GENUS & SPECIES
• Soars at altitudes up to 18,000′ and can spot an animal carcass from a distance of several miles
• Has the largest wing area of any bird (nearly 6.5 sq. ft., allowing it to glide on rising air currents
• Can devour up to 15 lbs. of flesh at one sitting, but may eat so much it can’t take off again
Found high in the Andes mountains of western South America, over the grasslands of Argentina south of the Rio Negro and on the coasts of Peru and Chile
Hanging like a huge kite on the breeze, the condor performs the role of “undertaker” in its bleak homeland, locating carcasses far below and swooping down to tear into them.
A Sailing on high The condor soars on huge, slotted wings, supported on updrafts above monumentally high peaks.
The Andean condor is native to the Andes mountain chain that extends north to south along the entire length of western South America, but also can be found over the coasts of Peru and Chile and the Patagonian steppe of Argentina.
Wheeling and soaring over high mountains, windswept upland plains and lowland desert areas, the condor looks for signs of other scavengers gathering over carrion. It avoids forests, where locating carcasses and landing is difficult for such a broad-winged bird.
Although the Andean condor doesn’t migrate seasonally it covers huge areas while foraging. It relies on its superb soaring abilities to carry it at high altitudes back to its roosting site each evening. The condor tends to roost and nest on the faces of high cliffs, where few predators can gain access to its eggs and from where it can launch itself easily into the air.
The condor usually roosts on cliff faces because it needs thermals (warm air currents) and cliffside updrafts to carry it aloft. It waits for the morning sun to heat the land and create the thermals and basks until its organs and flight muscles are warmed. When conditions are right for flight, it launches into the buoyant updrafts.
When feeding on hot days from a carcass, the condor absorbs reflected heat from the ground. To stay cool, it radiates excess body heat through loose skin folds on its naked head and deficates on its legs. Back up on high, thick body plumage keeps it warm and it draws its head into its snug, downy neck ruff.
South American Indians believed that eating the condor’s eyes would sharpen their own eyesight.
Quills from Andean condor’s wing feathers were used in mechanisms of harpsichords.
The Andean condor’s
included the giant
teratorn, Teratornis incredibilis.
This enormous bird had
a wingspan up to 25′.
FOOD & FEEDING
The condor scans the ground for carcasses, but often follows other scavengers, such as smaller vulture species.This benefits lesser vultures — only the condor (with its huge, hooked beak) can rip open the tough skin of some carcasses. Condors and other vultures feed in order of age seniority; each thrusts its head into the carcass for pieces of flesh to gobble down.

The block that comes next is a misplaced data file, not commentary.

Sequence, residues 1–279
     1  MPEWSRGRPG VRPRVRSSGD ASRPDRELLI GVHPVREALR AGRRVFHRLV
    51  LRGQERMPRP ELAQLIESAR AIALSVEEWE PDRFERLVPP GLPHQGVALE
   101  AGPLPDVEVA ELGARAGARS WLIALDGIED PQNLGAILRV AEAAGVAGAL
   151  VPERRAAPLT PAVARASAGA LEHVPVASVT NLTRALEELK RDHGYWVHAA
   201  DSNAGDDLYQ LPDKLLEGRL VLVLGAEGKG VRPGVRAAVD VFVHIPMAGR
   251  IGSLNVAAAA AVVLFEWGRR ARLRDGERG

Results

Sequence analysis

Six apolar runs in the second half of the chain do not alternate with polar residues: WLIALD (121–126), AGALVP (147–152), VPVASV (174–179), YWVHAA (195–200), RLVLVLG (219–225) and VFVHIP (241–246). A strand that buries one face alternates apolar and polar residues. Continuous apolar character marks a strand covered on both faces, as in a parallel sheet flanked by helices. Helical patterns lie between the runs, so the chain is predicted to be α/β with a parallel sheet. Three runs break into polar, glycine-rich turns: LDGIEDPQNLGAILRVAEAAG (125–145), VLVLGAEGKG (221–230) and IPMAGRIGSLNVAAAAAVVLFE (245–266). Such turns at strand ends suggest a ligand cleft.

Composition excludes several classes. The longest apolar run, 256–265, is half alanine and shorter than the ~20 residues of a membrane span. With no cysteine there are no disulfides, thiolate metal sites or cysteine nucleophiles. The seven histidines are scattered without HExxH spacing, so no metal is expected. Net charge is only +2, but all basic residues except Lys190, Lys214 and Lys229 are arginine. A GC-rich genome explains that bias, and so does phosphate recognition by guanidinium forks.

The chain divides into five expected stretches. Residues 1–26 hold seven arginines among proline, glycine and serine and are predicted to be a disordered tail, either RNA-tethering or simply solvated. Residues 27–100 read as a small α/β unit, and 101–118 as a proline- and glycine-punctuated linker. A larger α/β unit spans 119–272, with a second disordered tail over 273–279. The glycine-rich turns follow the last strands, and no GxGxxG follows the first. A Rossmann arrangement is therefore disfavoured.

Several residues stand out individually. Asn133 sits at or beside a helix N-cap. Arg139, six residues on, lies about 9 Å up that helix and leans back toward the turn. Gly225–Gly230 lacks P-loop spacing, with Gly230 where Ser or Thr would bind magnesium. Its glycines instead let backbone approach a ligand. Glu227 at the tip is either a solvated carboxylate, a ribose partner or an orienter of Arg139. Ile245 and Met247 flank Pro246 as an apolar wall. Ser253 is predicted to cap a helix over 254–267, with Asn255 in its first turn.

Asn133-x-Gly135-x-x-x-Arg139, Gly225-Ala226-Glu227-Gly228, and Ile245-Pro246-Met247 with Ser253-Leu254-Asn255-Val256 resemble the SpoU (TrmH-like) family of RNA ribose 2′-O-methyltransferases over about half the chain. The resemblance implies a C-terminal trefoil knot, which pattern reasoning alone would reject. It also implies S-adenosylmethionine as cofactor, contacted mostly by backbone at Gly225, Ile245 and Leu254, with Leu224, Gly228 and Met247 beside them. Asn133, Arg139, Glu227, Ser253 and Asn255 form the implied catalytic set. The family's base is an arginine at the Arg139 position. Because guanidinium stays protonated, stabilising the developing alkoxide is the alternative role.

The condor feeds mainly on the carrion of mammals such as sheep, cattle and llamas. In coastal areas, it pecks at beached whale carcasses, patrols seal rookeries for casualties and afterbirths and even raids seabird colonies for eggs.
A Land of giants
The condor is the biggest vulture in South America.
1 Follow the crowd
From high in the sky, the condor scours the horizon. Seeing a flock of vultures circling over a llama carcass, the big bird loses height…
2 Take the lead
…and follows them to a fresh llama carcass lying on the ground.The smaller vultures stand back.
.while the condor uses its stout, hooked bill to make the first cut in the llama’s tough hide. Once it has opened up the belly of the carcass..
…the condor eats its fill. Less-senior condors await their turn at the carcass; they’re followed by smaller vulture species.
The condor breeds every other year; and even then only when enough carrion is available to feed the chick. Once paired, however; condors remain together for life.The nest site is usually situated high on a sheer cliff face; in a small cave or recessed ledge.
The female lays a single; white egg on bare rock and both parents share the task of incubation.When the chick hatches, adults feed it partly digested flesh, passing it from bill to bill. As the chick grows, it learns to help itself from food offerings dropped by adults in the nesting area.The juvenile
takes six months to fledge and depends on its parents for many more months before becoming independent.
Meet on the ledge Condors aren’t social, but pairs may use the same cliff ledge for nesting.
The Andean condor lives long and breeds slowly; any human interference rapidly upsets this pattern.The condor is hunted for sport and is persecuted by some farmers who believe it kills domestic livestock. It also suffers from pesticides that are carried up through food chains. Numbers have plummeted, but the condor isn’t officially listed as endangered. Recent attempts to rescue the Andean condor and the rare California condor, through captive breeding and habitat research programs, have met with moderate success.
DNA studies show that the Andean condor isn’t related to Old World (African and Eurasian) vultures, but shows closer affinities to storks. The African marabou stork, for example, has striking similarities to the condor. Like the condor, this stork is a bald-headed carrion eater and locates its prey by soaring at great altitude on huge, deeply slotted wings.
|Weight||Male 24-33 lbs., female 18-
|WlNGSPAN||Up to 10′ or even more|
|Sexual Maturity||6-8 years|
|Breeding [ Season||Varies according to location|
|I Number : of Eggs||1|
|Incubation Period||54-59 days|
|1 Fledging Period||6 months|
|Breeding Interval||Nests once every two years|
|Typical Diet||Carrion of sheep, cattle, llamas and other mammals|
|Lifespan||Over 50 years|